Increase in Illinois Farm Deaths Reveals Safety May Not Follow Experience
BLOOMINGTON – Farm-related deaths in Illinois have increased after experiencing record lows last year, according to findings by COUNTRY Financial, the No. 1 insurer of Illinois farms. Twenty-one people were killed in farm-related incidents from July 1, 2013 to June 30, 2014. The majority of the victims were over the age of 50.
Approximately 57 percent of farm death victims in Illinois in 2013-14 were age 65 and above- the fastest growing farmer demographic in the nation, as reported by the USDA’s Agricultural Census. The majority of Illinois farmers fall into the 50 and above age group, which claimed 80 percent of last year’s deaths. As displayed in the chart below, tractor accidents represent the highest risk for more experienced farmers.
“This year’s numbers seem to prove that while experience is key with almost any job, it isn’t a bulletproof vest,” said Eric Vanasdale, senior loss control representative for COUNTRY Financial. “Measures must be taken to improve the safety of our Illinois farmers.”
Every year, COUNTRY Financial tracks farm-related deaths and reports the finding in conjunction with National Farm Safety and Health Week and the Illinois Press Association. This year’s National Farm Safety and Health Week runs September 21-27 and focuses on the theme, “Safety Counts: Protecting What Matters.”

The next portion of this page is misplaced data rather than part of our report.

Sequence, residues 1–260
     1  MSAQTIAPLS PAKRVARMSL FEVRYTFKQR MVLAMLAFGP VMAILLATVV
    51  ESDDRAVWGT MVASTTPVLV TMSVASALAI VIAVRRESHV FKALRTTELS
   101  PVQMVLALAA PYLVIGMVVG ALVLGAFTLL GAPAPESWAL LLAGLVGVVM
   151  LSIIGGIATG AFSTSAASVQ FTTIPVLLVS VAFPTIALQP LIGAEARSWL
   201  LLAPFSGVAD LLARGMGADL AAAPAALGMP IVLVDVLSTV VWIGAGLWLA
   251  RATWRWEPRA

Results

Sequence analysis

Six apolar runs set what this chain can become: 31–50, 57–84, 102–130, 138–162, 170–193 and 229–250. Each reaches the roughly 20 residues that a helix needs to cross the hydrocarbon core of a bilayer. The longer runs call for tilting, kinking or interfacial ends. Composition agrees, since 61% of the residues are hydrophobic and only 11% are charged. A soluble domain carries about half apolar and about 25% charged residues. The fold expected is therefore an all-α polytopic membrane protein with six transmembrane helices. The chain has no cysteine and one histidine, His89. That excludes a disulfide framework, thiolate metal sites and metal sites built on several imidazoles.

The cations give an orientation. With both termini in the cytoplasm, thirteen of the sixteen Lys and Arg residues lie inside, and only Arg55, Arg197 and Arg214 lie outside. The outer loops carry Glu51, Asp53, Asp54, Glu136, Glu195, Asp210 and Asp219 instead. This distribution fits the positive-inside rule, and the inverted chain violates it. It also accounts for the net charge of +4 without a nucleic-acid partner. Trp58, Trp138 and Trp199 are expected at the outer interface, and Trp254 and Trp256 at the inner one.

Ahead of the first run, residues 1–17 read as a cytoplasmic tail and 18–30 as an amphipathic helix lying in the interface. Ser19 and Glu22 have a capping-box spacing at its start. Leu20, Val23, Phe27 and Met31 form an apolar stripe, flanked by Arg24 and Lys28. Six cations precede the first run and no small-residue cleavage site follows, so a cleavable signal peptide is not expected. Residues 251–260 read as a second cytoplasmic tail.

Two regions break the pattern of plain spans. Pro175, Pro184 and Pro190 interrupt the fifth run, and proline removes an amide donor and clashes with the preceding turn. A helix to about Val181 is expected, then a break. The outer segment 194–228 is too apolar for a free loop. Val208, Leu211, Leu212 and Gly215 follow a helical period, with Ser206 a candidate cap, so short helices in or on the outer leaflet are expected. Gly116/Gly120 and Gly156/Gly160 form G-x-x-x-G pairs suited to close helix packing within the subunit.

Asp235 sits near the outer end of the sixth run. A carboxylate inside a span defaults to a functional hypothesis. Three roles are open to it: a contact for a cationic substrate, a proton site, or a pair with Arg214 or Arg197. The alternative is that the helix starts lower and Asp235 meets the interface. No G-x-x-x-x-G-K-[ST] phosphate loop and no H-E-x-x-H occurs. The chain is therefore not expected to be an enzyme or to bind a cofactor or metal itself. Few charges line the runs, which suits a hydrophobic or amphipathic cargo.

COUNTRY Financial also works with Illinois Farm Bureau to promote farm safety awareness and sponsor county Farm Bureau safety grants.
“We need to continue to promote and evaluate effective means to reduce the injury rate,” said Bob Aherin, professor and program leader at the University of Illinois at Urbana-Champaign. “Fatigue is a significant issue, as are the effects of medications on reaction time. We also need to encourage older farmers to operate tractors with ROPS when doing activities that have a high rollover risk such as mowing roadsides, ditches and fields with significant slopes.”
The U of I’s Department of Agricultural and Biological Engineering provides some tips for farmers to consider as they grow older, including:
Tell family members and fellow workers where you will be working, and for how long.
Remember that vision is most challenged at dawn and dusk; avoid driving machinery at these times.
Be familiar with how your prescriptions –even over-the-counter medications – affect your reaction time. Often medication and machinery do not mix.
For the complete list, visit http://web.extension.illinois.edu/agsafety/factsheets/srfarm.cfm.
By bringing awareness to the obstacles farmers face and encouraging them to take additional safety precautions, COUNTRY Financial hopes to report a much lower death rate next year.
About COUNTRY Financial
COUNTRY Financial (www.countryfinancial.com) serves about one million households and businesses throughout the United States. It offers a full range of financial products and services from auto, home, life and business insurance to retirement planning services, investment management and annuities.